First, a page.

Image: Photograph from 1920After much investigation, we finally discovered a current picture of this exact spot in a Portuguese blog!
Image: Present day Coimbra Gate
The structure is one of the main entrances to a 100+ hectare forest in the Bussaco region in Portugal. It is called the Coimbra Gate (Portas de Coimbra), and is part of a wall over 3 miles in circumference encircling the arboretum.The area used to be the site of a Barefoot Carmelite convent in the 16th century. The monks at the convent were responsible for creating this beautiful forest with its unusually diverse species of trees. This was done less out of vanity and more as their representation of the Earthly Paradise. The forest grew so well that even after the state later took ownership of the land, new plant species continued to be brought in from overseas and added to the area. The region now boasts well over 400 varieties of trees and shrubs from across the globe including from countries like Japan, Mexico and Lebanon. Today, parts of the original convent and church are preserved near the Bussaco Palace Hotel which resides within the Forest as well. The Bussaco Palace Hotel was built at the turn of the 19th century. It is placed inside the Bussaco Forest on a hill, affording gorgeous views and looks straight out of a fairytale. It houses beautiful artwork, antiques, rooms and service worthy of royalty, and most interestingly, its very own brand of wine. This tradition of wine making in Bussaco was started by a Carmelite monk in the 17th century. Unsurprisingly, the hotel attracts celebrities, politicians and royalty. Some of the famous personalities that are rumoured to have stayed here include Agatha Christie, Sir Alec Guinness and Raymond Burr. Fun Fact - The Duke of Wellington defeated Napoleon’s troops at the Battle of Bussaco and spent the night at this convent.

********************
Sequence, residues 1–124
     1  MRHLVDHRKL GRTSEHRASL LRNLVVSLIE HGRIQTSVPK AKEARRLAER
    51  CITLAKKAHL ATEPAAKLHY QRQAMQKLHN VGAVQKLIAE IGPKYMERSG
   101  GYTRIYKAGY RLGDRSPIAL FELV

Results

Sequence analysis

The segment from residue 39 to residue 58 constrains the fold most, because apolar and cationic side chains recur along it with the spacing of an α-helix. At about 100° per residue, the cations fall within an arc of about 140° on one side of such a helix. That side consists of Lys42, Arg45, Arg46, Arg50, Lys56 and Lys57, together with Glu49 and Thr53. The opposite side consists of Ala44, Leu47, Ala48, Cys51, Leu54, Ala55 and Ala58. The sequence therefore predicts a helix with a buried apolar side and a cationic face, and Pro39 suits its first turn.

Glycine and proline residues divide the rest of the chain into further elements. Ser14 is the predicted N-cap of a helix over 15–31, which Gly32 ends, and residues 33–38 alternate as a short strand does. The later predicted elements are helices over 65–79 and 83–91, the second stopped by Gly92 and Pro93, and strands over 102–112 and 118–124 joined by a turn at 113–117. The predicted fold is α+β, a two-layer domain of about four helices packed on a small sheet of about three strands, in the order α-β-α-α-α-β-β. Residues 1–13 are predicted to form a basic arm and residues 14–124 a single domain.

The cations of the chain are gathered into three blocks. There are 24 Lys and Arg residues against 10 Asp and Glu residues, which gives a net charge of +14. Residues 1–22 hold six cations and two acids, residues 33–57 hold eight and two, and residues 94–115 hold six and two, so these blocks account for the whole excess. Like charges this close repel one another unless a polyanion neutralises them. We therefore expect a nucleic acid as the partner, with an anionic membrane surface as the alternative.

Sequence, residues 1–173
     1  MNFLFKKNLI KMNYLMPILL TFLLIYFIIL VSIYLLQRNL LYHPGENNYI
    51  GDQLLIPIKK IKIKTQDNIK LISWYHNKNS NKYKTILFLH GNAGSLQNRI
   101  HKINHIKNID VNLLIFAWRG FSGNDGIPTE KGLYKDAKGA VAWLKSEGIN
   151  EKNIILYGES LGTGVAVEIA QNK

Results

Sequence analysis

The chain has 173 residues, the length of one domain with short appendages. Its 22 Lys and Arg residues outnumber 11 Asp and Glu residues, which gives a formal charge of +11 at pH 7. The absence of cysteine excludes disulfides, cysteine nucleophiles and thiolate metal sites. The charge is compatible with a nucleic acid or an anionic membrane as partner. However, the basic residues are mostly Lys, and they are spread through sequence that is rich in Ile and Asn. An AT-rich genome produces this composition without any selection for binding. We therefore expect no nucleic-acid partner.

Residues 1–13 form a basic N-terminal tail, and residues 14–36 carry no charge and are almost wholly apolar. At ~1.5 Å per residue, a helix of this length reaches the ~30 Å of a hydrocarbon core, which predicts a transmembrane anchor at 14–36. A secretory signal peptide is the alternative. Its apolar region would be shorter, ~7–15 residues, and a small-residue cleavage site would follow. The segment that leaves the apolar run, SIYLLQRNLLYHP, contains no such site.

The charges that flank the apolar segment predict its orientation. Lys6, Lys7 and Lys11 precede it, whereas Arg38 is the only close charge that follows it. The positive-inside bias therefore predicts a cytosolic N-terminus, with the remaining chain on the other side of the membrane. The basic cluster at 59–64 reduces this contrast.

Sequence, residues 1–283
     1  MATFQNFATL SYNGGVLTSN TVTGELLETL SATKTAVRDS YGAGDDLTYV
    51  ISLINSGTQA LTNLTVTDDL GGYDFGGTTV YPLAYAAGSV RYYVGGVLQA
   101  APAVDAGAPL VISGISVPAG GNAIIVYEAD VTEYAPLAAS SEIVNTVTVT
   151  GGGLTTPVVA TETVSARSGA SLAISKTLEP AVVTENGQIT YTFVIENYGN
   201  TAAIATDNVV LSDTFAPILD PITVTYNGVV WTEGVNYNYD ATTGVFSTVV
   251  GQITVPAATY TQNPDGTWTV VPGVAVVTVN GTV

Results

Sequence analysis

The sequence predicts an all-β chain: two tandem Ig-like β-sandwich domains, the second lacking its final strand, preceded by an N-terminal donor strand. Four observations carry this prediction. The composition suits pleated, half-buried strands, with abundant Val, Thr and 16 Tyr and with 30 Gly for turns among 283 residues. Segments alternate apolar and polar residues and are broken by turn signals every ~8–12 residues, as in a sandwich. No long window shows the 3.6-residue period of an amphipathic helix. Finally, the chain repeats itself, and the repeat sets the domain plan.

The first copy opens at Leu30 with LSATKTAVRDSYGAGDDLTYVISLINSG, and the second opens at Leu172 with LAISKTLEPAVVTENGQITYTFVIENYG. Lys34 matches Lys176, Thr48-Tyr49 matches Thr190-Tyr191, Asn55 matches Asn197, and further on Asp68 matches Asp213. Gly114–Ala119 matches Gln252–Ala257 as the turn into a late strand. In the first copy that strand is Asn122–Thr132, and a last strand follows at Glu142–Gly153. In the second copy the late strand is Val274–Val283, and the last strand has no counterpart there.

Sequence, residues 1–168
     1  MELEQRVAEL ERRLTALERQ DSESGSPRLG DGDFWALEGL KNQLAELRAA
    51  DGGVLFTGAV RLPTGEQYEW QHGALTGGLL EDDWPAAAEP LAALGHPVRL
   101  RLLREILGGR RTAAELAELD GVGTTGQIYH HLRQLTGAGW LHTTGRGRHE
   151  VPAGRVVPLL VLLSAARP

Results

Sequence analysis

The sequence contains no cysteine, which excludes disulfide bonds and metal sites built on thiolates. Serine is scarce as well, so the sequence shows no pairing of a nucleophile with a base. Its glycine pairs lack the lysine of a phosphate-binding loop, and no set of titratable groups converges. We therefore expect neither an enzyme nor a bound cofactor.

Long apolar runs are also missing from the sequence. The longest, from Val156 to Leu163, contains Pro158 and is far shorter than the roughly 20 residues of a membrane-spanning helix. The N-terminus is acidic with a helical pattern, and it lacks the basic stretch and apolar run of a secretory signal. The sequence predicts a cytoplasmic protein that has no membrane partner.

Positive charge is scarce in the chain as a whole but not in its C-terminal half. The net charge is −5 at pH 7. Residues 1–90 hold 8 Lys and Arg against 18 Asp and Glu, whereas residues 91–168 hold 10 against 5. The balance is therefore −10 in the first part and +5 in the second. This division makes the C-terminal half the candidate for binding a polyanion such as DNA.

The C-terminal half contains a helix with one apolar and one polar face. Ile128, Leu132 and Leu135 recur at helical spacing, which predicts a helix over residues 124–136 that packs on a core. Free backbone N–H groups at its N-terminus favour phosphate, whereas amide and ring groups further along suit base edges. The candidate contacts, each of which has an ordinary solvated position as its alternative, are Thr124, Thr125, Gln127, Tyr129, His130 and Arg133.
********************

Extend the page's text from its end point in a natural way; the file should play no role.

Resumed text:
Image: Bussaco Palace HotelThere are 2 papal bulls inscribed on tablets at the entrance to the woods. The first was from Pope Gregory XV in 1623 anathematizing trespassers and forbidding women to approach ('to avoid dangers and scandals'). The second bull was from Pope Urban VIII in 1643 threatening to excommunicate any person who harmed a tree in the forest (Portugal’s first ever documented natural conservation act). In addition to hosting a dazzling multitude of flora and the once-royal residence, the Bussaco Forest is known to appeal to hiking enthusiasts. There is a stone stairway through the forest designed with a stream flowing down the middle. Another famous trail is the Via Sacra, which was constructed to resemble the Via Dolorosa in Jerusalem.
Image: Stone staircase with a stream through the woodsHave we inspired your wanderlust? Visit PocketKnowledge for even more Portugal-related items! --- The Rothman Lantern Slide Collection is a K-12 teaching resource containing several thousand mounted photographic transparencies intended for projection by a magic lantern. These slides were used in New York City public schools in the mid-twentieth century.